25 July 2013

Food Lab 23: Crepes

OK, it hasn't actually be four full months since the Food Lab crew assembled. We had a lab planned
back in the middle of April: candy making. We were going to do caramels, lollipops, and chocolate truffles. Unfortunately, at the last minute, the IAs were unable to join us, and seeing as Mama IA was the instigator of Candy Lab, we didn't feel right about proceeding without her.

So, blessed with extraordinarily good weather that day, Chef Spouse and I hung out with Mad Kitchen Scientist and The Executive Committee in their backyard playing with the Green Egg smoker to which they're providing a temporary home, grilling flat bread and veg of all sorts, and trying out the molecular gastronomy kit The Executive Committee got for Christmas. We made lemon foam (for our grilled asparagus) and balsamic vinegar pearls (for our grilled romaine). And chocolate truffles, which wasn't really a lab because Chef Spouse makes them all the time, but he did NOT use the Super-Secret Recipe provided to him be a friend of ours for purposes of, I quote, "sexual blackmail."

But I digress.

May and June were busy travel months for various members of your Food Lab team, which left us next able to gather on Sunday, July 14, also known as Bastille Day.

Bastille Day food lab?

Crepes, bien sur!

First, to get you in the mood, go ahead and start the video below of Edith Piaf singing La Vie En Rose.

So we used both Julia Child recipes, sweet and savory, an extremely simple sourdough (using the sourdough starter I've grown over the past several months, who goes by Fred), and a buckwheat batter. All were made the previous day.

The thing about crepes isn't the batter, though. The batter is simple: flour, eggs, butter, salt, milk, and water.

It's the flipping technique.

I should back up. Several years *before* he started getting serious about cooking, Chef Spouse decided he wanted to learn how to make crepes. So we got him official French steel crepe pans (sorta like these), and he perfected his flipping technique. He can actually flip with both hands at the same time. It's pretty impressive. Like a dope, I didn't take video.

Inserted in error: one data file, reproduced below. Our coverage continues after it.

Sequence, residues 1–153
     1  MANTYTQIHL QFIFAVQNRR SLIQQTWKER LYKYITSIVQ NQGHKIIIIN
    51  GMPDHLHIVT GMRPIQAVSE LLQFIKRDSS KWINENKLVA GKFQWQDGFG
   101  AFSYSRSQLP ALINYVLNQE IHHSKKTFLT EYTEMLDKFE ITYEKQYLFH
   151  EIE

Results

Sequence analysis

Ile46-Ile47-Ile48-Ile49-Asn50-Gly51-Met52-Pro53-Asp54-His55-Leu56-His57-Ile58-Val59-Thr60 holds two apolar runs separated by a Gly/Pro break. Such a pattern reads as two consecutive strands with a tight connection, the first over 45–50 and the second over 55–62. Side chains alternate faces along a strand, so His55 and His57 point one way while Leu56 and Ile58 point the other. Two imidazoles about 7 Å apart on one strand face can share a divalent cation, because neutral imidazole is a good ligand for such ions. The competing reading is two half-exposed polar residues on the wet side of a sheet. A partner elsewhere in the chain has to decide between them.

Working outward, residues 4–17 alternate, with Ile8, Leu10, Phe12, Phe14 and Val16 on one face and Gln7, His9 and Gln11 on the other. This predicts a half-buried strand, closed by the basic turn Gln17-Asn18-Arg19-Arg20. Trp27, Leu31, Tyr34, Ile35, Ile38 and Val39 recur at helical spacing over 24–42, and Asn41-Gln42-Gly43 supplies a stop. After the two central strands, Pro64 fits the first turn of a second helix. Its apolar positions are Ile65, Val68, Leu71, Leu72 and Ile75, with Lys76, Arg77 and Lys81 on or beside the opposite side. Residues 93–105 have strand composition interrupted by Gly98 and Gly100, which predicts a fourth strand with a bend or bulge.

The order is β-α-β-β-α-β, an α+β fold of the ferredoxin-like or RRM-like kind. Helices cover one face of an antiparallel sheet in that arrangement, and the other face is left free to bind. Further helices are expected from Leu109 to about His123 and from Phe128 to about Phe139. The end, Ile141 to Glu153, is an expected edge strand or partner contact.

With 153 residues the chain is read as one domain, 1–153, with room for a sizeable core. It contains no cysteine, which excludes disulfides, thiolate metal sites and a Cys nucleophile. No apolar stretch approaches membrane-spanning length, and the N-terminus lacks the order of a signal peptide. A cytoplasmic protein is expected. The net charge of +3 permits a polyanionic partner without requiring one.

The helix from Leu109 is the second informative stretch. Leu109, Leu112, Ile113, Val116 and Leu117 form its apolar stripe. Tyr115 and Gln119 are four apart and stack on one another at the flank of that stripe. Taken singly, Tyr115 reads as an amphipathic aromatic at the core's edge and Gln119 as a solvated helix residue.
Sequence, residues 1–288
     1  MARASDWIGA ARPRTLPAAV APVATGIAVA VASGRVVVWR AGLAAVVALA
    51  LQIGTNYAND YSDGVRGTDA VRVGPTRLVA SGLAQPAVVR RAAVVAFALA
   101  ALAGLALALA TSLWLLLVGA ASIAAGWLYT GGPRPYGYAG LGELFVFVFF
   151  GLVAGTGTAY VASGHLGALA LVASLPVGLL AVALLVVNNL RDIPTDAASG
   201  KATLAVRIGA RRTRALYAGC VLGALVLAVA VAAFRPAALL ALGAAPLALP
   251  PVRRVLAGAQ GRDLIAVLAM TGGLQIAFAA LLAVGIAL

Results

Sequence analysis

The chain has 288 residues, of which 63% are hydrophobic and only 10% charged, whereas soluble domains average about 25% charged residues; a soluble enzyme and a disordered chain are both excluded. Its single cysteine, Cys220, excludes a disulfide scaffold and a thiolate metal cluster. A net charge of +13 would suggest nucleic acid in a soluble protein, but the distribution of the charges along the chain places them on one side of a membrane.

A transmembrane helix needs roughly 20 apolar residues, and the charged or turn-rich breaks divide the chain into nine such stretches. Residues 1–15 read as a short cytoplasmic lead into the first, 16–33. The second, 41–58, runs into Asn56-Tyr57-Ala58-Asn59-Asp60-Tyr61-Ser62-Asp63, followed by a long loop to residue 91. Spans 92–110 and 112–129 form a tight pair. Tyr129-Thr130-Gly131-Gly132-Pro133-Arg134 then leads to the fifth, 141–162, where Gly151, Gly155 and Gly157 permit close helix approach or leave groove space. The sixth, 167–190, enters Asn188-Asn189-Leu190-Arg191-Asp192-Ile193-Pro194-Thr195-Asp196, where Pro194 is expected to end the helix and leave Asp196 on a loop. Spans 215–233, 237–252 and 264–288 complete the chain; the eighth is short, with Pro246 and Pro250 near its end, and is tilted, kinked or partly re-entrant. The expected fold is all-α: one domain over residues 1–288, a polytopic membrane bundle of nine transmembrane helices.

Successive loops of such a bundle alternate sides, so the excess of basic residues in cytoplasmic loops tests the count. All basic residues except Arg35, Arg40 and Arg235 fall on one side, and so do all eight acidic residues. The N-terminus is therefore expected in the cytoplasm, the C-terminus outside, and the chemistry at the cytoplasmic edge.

Anyway, according to his notes, here's how it works:
  1. Combine the wet ingredients, then beat in the flour and salt until the batter is the consistency of a milk shake
  2. Heat your crepe pan, add a little butter, then pour in just enough batter to cover the pan
  3. Flip when golden brown by making sure the crepe is loose, then slide the crepe away from you until 1/4 is hanging off the pan, then flip with a flick of the wrist
In more detail:

Butter: use a full stick of frozen butter and rub it on the pan between crepes to avoid using too much. The butter should sizzle but not brown.

Pouring in the batter: a traditional crepe pan will take about 1/3 of a cup of batter. When pouring it in, tilt the crepe pan so the batter runs down it and fills the pan. Pour the batter across the top from left to right (10 o'clock to 2 o'clock) across the top, with the bulk of the batter pouring out at the top of the pan (12 o'clock). The batter will slowly pool to the bottom and join up.

When to flip: never let crepes cook until they smoke or the edges get brown, or they will crack when you roll them. The crepe should shake loose in the pan before flipping. A very quick shift (forward/back) of the wrist will let you know if the crepe has separated from the pan yet.  You can't flip a crepe that is still stuck to the pan.

How to flip: as Julia Child states, you must have courage. Hesitation will kill your flip, a la -->

We did discover one key thing. If you’re short, you need to stand back from the stove for the flip because your arm needs to be lower  than stove height. If your arm is too high, you can’t do the motion correctly, and you end up with a mess. The problem, of course, is that if stand back from the stove to flip your crepe and miss, the crepe hits the floor.

Now, you don't have to have a crepe pan. You can use a more traditional fry pan/skillet. The problem is that it ups the degree of difficulty on the flip significantly. SIGNIFICANTLY.

So what did we fill all these crepes with? Spinach sauteed with onions and pancetta, mushroom duxelles, lightly steamed asparagus, home-smoked salmon (see above, re: Green Egg), homemade duck confit (which we also tried adding to the crepe batter itself, tasty but hard to flip), goat cheese, and Gruyere.

Of course, at the end, we had sweet crepes. We had all sorts of plans for them, but it came down to two things: a gooseberry/blueberry compote Mad Kitchen Scientist had made with mascarpone cheese and, of course, Crepes Suzette (because setting things on fire in the kitchen on purpose is fun).

What did we drink? Well, wine, of course, and French 75s, one of my very favorite cocktails ever. Booze, simple syrup, lemon juice, and champagne. Ah, but what booze? The traditional is gin v. cognac, and we tried both. They were both lovely, with gin clearly the winner for warm weather, and cognac clearly the winter version. We then moved on to trying rye and silver tequila. After all, a French75 is basically a Tom Collins topped with champagne rather than club soda, so why NOT try it with a whiskey sour as the base? And we needed a comparison booze. Well, the silver tequila blew us all away, so we then moved on to the inevitable silver v. resposado comparison. Resposado was better.

Finally for Mad Kitchen Scientist, who was sad we didn't have a recording to play:

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